My research primarily involves translational research and tissue banking in non-neoplastic lung diseases.
Our lab is involved in many aspects of pulmonary research. We are currently the tissue core for the lung tissue research consortium (LTRC). The LTRC is an NIH-sponsored tissue bank that collects lung samples from patients undergoing various lung surgeries for emphysema and interstitial lung diseases. As human lung tissue is increasingly used to characterize cellular and molecular abnormalities of the lung, adequately preserved and characterized tissue is essential to tissue analysis. The current emphasis on genomic and proteonomic characterization of actual human lung diseases (not animal diseases), has increased the urgency of tissue collection to keep pace with research demands. We have collected lung tissue from four clinical centers (University Colorado Denver, University of Pittsburgh, University of Michigan, and The Mayo Clinic) over the past 5 years and have a tissue bank of specimens from approximately 2000 patients. This tissue is de-identified, but linked to radiology and clinical data. The tissue is free to investigators and can be accessed via: www.ltrcpublic.com.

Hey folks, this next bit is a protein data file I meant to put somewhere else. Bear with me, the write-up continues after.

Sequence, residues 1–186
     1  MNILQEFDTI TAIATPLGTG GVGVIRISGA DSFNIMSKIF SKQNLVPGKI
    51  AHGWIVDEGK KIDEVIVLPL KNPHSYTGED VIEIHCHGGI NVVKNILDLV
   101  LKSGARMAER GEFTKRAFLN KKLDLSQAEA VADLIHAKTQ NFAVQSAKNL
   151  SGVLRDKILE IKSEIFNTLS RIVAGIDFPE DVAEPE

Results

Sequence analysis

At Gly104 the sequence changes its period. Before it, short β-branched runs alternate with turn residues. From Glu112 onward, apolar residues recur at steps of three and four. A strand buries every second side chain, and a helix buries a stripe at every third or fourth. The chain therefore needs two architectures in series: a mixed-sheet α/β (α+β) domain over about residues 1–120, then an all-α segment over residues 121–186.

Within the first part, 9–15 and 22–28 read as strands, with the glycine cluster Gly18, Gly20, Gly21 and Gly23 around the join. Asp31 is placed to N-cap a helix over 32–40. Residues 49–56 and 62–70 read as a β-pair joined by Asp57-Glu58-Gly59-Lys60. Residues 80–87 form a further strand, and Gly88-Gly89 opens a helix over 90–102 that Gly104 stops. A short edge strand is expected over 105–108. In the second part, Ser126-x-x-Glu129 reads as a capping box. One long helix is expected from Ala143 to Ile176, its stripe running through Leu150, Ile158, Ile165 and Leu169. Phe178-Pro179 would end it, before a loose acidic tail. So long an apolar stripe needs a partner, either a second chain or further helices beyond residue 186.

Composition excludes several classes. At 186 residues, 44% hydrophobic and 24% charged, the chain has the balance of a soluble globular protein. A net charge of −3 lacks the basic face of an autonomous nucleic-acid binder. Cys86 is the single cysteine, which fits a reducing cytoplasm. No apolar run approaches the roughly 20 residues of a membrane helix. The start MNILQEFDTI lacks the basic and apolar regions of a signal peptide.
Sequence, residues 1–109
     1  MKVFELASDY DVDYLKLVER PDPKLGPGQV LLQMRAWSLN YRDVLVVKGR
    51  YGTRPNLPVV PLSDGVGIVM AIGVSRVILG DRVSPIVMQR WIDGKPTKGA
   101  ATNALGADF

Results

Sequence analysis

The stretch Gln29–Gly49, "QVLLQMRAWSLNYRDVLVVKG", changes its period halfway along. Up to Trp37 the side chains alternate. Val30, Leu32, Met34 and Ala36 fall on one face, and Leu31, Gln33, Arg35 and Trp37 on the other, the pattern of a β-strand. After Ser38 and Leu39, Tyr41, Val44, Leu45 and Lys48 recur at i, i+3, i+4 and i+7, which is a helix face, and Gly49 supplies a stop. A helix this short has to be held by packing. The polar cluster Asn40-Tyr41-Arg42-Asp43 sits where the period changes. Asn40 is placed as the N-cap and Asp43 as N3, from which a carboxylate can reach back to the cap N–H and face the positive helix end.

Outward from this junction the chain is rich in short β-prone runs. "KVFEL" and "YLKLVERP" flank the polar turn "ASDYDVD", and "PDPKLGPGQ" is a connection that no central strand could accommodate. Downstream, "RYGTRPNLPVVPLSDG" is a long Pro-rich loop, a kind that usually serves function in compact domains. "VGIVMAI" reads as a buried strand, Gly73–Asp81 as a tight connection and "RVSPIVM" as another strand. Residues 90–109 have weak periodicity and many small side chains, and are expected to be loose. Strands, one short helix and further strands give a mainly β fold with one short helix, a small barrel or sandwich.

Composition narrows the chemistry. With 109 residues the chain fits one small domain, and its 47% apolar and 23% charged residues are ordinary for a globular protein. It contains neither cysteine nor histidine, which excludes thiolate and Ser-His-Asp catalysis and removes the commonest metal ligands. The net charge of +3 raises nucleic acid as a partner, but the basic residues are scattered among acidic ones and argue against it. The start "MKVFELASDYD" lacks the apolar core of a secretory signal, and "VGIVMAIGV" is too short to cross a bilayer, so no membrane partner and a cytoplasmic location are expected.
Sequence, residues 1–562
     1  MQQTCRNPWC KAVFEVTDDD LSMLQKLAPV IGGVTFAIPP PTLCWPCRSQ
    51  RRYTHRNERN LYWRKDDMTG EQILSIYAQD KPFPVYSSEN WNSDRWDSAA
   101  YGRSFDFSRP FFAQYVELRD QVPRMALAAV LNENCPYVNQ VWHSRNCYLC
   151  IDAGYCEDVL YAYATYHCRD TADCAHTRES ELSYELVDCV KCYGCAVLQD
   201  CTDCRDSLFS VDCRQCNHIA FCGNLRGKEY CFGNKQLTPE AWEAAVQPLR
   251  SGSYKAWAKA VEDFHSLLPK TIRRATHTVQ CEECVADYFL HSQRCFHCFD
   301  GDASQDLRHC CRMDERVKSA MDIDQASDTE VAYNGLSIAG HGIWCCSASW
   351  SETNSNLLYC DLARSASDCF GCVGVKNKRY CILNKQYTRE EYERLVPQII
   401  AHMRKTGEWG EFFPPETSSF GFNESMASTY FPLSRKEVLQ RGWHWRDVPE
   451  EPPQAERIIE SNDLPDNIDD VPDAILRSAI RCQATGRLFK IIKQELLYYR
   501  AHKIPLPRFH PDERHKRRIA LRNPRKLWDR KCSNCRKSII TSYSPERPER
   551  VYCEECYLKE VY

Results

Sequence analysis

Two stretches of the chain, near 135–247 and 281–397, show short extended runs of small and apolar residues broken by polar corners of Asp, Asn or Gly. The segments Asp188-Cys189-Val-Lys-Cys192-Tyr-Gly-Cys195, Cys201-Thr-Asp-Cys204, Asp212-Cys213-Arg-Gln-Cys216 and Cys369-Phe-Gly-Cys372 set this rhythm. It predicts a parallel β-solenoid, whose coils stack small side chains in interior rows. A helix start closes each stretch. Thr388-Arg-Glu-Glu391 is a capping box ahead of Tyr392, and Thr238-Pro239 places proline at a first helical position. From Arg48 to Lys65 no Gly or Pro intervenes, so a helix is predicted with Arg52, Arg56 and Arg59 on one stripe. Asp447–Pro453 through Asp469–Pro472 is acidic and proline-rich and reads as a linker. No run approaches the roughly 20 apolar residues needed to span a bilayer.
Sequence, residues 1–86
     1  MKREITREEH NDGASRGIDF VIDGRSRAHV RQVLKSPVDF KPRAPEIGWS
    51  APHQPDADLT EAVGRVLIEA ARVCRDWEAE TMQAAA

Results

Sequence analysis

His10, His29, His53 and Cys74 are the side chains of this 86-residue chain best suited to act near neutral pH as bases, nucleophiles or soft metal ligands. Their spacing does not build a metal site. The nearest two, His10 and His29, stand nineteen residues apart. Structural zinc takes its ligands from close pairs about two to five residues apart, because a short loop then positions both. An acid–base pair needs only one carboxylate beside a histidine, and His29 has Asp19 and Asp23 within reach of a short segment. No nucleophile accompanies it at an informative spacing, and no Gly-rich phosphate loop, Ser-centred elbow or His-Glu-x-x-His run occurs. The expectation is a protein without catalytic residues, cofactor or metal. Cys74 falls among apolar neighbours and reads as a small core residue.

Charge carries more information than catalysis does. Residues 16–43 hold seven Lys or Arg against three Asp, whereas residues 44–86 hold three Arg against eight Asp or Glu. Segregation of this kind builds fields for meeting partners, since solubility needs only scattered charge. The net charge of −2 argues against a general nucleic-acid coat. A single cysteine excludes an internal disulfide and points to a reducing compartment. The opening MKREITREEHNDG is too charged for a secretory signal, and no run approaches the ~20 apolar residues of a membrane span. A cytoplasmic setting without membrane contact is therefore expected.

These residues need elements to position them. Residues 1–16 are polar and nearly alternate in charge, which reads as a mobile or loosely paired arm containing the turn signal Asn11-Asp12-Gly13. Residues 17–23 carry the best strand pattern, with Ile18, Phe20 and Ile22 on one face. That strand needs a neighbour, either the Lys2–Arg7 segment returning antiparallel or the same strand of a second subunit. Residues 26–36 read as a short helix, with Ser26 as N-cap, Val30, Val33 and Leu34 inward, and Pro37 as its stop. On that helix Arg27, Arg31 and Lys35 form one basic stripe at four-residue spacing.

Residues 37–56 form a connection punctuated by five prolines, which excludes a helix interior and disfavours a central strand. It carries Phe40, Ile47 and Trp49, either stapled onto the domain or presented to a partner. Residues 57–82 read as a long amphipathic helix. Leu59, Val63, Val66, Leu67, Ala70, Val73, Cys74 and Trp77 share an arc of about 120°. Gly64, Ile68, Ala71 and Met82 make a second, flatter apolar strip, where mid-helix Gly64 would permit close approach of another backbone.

In addition to lung tissue collection, banking and distribution, we are involved in various aspects of translational research in both severe pulmonary arterial hypertension (PAH) and usual interstitial pneumonia (UIP). We have completed three-dimensional reconstruction studies using human lung tissue from patients with PAH and UIP. We also collaborate with many of the investigators from the Pulmonary and Critical Care Science Division. Our latest endeavor has been to rehydrate and diagnose mummified lungs from the 1800s. We are also currently analyzing the change in gene expression that occurs over time in non-neoplastic lungs collected as part of a multi-institutional tissue bank.